I’m a productivity geek. I’m on a lifelong mission to tweak and improve how I do things. Each day is an experiment, mostly one that fails.
This used to be a secret practice, then I took part in a panel discussion on work-life balance. Alongside four of my colleagues I was quizzed on how to fit it all in. Suddenly my obsessive approaches were exposed company wide.
I’d hadn’t prepared for the panel specifically — instead, it felt like my whole life was getting ready for it. I get my ideas from podcasts, blogs and books. So to continue oversharing here’s my top 10 titles to help you experiment, refine and enjoy finding your own personal balance.
1) Getting Things Done — How to Achieve Stress-free Productivity by David Allen
The classic guide on how to be productive, manage an overwhelming amount to do whilst functioning with a clear head and positive sense of relaxed control. Quite a promise but the founding father of modern productivity delivers practical tips in his GTD system.
2) Manage Your Day-to-Day — Build your routine, find your focus & sharpen your creative mind, Edited by Jocelyn K Glei
In a sentence: use your time wisely to create your best work. With a foreword by Scott Belsky, founder of Behance, and published by the mighty 99U, this book helps you to make better decisions so you can focus on what matters most to you.
3) The 7 Habits of Highly Effective People by Stephen R Covey
The blurb says this is one of the most influential books ever written. This is not hubris. Nearly 20 million people have had their lives changed by Covey’s wise advice. Don’t have time for the book? Check out this brilliant video on YouTube.
4) Better Than Before — Mastering the habits of our everyday lives by Gretchen Rubin
Written by the bestselling author of The Happiness Project Rubin uses homespun tales to explain rigorous research. This book shows you how to how make good habits and break bad ones. Her four tendencies questionnaire has been so helpful to me — take it and know yourself.
5) Smarter, Faster, Better — The Secrets of Being Productive by Charles Duhig
Duhig is the author of The Power of Habit — my go-to bible on the science of habits. This book is a brilliant companion that focusses not just on doing things, but doing them better. As a Pulitzer Prize winner he effortlessly melds science, reporting and storytelling to explore productivity.
6) Deep Work — Rules for focused success in a distracted world by Cal Newport
This is an essential read for knowledge workers ie pretty much everyone who works in an office. Newport makes a compelling case for ‘deep work’ — the ability to focus without distraction. So switch off your alerts, leave Twitter, Instagram and Facebook, and instead concentrate deeply. Who knows what you’ll achieve if you go deep?
7) Essentialism — The Discipline and Pursuit of Less by Greg McKeown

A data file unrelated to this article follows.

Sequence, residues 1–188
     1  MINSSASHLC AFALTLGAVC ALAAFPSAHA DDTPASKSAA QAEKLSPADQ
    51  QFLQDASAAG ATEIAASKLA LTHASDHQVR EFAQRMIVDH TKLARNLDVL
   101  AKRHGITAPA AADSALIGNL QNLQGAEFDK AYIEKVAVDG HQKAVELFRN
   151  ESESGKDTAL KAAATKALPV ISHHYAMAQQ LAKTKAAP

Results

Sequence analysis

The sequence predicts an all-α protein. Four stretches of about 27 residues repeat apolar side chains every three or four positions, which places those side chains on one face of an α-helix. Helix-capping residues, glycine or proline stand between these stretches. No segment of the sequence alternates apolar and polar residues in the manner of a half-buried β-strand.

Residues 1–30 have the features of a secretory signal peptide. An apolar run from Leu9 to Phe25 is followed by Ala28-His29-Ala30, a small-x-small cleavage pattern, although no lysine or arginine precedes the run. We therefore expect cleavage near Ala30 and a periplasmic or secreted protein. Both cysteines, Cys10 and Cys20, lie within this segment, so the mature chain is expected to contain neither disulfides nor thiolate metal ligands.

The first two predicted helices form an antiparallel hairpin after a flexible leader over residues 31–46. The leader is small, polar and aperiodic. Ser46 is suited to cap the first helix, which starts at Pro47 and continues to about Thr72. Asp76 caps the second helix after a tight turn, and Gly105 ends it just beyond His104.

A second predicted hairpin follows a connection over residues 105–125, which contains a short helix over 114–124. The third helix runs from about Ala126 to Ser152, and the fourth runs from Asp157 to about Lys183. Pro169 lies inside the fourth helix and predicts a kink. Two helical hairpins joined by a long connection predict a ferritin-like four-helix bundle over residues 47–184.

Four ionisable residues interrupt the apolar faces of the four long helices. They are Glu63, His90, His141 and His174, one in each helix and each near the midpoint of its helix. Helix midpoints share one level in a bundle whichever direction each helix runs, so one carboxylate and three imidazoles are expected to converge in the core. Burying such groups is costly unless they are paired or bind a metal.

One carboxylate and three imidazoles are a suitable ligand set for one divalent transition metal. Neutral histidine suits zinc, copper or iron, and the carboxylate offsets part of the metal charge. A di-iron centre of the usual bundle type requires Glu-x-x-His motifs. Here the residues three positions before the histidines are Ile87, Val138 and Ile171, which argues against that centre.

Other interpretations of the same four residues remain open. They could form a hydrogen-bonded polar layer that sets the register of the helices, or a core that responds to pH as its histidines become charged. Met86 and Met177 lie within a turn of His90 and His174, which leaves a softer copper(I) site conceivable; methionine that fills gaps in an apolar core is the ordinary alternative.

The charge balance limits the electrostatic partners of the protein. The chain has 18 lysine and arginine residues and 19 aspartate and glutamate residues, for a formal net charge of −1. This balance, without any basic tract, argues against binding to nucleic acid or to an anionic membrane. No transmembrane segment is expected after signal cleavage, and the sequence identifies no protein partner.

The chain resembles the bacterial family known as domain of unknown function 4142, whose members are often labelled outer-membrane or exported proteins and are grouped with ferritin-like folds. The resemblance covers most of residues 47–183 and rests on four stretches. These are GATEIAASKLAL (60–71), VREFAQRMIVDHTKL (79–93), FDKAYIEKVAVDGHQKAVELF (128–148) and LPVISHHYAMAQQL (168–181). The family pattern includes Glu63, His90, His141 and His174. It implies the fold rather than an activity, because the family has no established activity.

Helping us to apply decision-making criteria for what is essential so we can gain control of our choices and make the best possible contribution in life. Stop the ‘trivial many’ and make time for the’ vital few’ activities.
8) Thrive by Ariana Huffington
Redefining what it means to be successful in today’s world. This deeply personal book combines memoir and research to describe the transformative effects of meditation, mindfulness, unplugging and giving. Huffington outlines her ‘Third Metric’ to help us understand what success really means. Top takeaway — get some sleep.
9) Daily Rituals by Mason Currey
Learn from the greats because frankly it’s all been done before. Currey distills the downright weird and wonderful habits of writers, thinkers and creatives to share how they create (and avoid creating). You’ll find delight on every page.
10) The 4-Hour Work Week — Escape the 9–5, live anywhere and join the new rich by Timothy Ferriss
Don’t wait for retirement! Read this step-by-step guide to living the life of your dreams NOW by the master of mindful productivity. Become a Ferriss groupie like me and check out his podcast, blog and Twitter. The man is a God.
Bonus title: The Life-Changing Magic of Not Giving a F**k by Sarah Knight
Underneath all the swearing (and there is a lot of swearing) there’s a deep truth: you need to understand what matters to you, and most importantly what doesn’t matter — and stop bloody doing it. Only by saying no will you find time to the stuff that makes you go yes, Yes, YES!
Bec Evans is a co-founder of Prolifiko a digital productivity coach which uses a research-backed productivity system to encourage writers to start and stick at their writing projects. She writes, works in publishing innovation, and was highly commended digital achiever in the Bookseller’s Futurebook 2016 awards.